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[Audio ambiance]

Here's a show from the background to our high school days, Bonanza. It starred, improbably, a Canadian radio announcer, the CBC's "Voice of Doom" from the war years, one Lorne Greene. Greene had also run an announcers' school in Toronto. This particular episode opens with Mr. Spock, still very much in his youth and in another seedy hotel. This time he is leaning over a bar in Virginia City and, gasp, in the company of a lady of dubious reputation. There is something wrong with his ears, too.

Allow the sound of Fred Foy's immortal announce voice to echo in your head (remember, you are six or seven years old and sitting on the floor looking up in awe at the family's huge console broadcast receiver. Now imagine Foy's voice riding in over the rich, enveloping hum of the electrodynamic speaker): "With his Indian companion Tonto, the daring and resourceful masked rider of the plains led the fight for law and order in the early West(ern United States) Nowhere in the pages of history can one find a greater champion of justice. Return with us now to those thrilling days of yesteryear. From out of the past come the thundering hoof beats of the great horse Sliver." In this case the yesteryear is 1949, early days for television to be sure. (Ahhh, you say you want to return to 1951? Ok, mount this u.r.l and gallop back to 1951: ).

Was the series popular among us little tads? Yes, it ran to 221 episodes on television. Foy is still out and about. Here's a radio interview from 1999 which includes Foy and a contemporary production recreating the Ranger introduction.

Ever wonder what the man behind that magnificent announce voice looked like? Well, here's how he looked in 1999. Fred Foy is on the right receiving an award at a convention of old time radio enthusiasts in Cincinnati.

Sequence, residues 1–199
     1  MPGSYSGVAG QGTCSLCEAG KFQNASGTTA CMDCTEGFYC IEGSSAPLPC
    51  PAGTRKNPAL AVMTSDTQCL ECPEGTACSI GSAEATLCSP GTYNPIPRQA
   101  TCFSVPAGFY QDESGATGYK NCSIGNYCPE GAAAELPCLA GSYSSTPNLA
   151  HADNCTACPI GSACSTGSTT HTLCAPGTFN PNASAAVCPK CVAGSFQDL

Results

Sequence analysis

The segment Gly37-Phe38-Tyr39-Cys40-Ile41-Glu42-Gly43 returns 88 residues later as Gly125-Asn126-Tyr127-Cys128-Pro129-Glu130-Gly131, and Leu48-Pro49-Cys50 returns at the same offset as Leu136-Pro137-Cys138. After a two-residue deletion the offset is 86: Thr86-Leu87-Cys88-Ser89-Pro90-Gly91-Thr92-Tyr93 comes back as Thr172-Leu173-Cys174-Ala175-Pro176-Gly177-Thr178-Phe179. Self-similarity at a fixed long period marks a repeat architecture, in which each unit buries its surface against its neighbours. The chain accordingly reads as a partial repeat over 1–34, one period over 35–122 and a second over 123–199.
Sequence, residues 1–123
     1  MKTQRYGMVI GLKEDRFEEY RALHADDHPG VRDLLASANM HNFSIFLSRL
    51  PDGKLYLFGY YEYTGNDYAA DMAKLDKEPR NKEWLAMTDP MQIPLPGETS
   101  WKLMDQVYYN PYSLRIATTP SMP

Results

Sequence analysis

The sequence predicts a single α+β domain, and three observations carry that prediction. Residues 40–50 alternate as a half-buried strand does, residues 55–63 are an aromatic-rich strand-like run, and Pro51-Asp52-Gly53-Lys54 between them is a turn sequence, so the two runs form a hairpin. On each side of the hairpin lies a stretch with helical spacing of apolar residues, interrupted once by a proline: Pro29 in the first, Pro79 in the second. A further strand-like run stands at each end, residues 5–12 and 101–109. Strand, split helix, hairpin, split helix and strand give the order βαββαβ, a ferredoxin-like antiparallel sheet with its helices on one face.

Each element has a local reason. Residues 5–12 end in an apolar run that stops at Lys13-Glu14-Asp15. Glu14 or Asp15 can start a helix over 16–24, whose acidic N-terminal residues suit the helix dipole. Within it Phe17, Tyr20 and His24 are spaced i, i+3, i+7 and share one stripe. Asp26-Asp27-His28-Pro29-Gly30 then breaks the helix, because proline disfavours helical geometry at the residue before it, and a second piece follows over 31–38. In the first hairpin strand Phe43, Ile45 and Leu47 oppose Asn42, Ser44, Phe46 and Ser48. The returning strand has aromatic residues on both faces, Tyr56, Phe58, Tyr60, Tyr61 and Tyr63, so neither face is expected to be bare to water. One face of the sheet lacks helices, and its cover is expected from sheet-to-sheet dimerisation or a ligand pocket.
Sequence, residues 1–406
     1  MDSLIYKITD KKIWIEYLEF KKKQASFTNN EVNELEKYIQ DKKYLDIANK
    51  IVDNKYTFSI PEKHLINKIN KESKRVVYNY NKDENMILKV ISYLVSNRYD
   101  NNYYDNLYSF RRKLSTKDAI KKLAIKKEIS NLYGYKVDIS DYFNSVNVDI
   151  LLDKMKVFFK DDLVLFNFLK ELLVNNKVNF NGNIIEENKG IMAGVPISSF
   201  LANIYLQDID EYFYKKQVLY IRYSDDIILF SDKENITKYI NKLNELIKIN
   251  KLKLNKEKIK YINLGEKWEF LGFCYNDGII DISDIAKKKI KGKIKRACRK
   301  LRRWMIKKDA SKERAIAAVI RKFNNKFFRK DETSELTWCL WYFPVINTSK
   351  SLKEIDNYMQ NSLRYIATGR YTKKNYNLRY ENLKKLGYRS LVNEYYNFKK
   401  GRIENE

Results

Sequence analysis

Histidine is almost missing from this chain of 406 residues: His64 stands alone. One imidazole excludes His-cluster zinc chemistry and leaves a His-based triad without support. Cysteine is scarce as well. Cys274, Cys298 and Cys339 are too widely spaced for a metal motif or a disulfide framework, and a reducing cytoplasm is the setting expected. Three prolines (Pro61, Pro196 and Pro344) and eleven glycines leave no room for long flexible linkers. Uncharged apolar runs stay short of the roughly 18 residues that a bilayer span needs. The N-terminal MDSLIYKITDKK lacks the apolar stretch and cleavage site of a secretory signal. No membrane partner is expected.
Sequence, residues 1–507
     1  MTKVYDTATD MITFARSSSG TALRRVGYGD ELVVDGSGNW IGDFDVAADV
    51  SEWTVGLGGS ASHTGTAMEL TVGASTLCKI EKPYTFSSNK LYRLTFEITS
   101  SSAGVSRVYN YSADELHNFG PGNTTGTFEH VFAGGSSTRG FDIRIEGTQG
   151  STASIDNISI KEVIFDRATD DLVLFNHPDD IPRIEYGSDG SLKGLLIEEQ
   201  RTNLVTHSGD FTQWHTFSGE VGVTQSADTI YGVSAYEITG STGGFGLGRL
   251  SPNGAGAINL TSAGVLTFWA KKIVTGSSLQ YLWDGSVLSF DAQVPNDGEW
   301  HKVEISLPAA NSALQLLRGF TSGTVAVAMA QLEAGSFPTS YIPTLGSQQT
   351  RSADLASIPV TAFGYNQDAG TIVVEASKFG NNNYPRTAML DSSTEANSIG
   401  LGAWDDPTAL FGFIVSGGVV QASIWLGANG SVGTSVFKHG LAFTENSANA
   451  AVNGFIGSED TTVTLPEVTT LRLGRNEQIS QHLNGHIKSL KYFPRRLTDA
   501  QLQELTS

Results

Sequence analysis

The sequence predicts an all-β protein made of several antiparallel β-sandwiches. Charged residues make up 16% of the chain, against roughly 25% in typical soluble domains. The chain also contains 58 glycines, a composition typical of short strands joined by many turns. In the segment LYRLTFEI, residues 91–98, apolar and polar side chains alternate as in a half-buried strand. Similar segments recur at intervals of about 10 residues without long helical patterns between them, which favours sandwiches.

(When we attended movies in those bygone days, we watched newsreels and trailers for upcoming films at that theatre. It was Fred Foy's resonant voice that we heard more often than not during those move trailers.)

The original Lone Ranger radio programmes were made in Detroit, about as far west as the writers and producer had ever been. The entire crew and the talent were all masters of their art. In this age of tape and direct digital recording, it is difficult to grasp the craftsmanship that went into the production. Fred Foy, in a radio interview, said that each program was produced twice, live both times. A run through for final timing and trimming was done in the afternoon before the broadcast. The first performance was then done live for the east coast and Midwest. A second complete show, not a recording of the first show, was put on for the west coast later the same evening. (Fred's memory may be fading just a little since it appears that, at least later in the show's run, WXYZ cut a disc "live" of the first show for later rebroadcast.) Foy could not remember any occasion when they erred on the timing; somehow they always managed to get the show's time just right with every performance.

Here's Fred's introduction to the television show.

Brace Beemer was a radio actor of such ability that he did not rehearse the show! Fred Foy generally read his lines in the rehearsal and Beemer walked in a little before airtime, picked up the script and did the show pretty much cold. Beemer had another distinction. He was born in 1902 but he served in the U.S. Army in the Great War. Impossible? Apparently not; he was 14 years old at the time and is thought to have been be the youngest soldier in that army. The character of Tonto was played all those years by the same actor, John Todd. In the films, the rôle belonged to one Harold J. Smith from Brantford, Ontario, a championship boxer and lacrosse player of international calibre who later called himself "Jay Silverheels".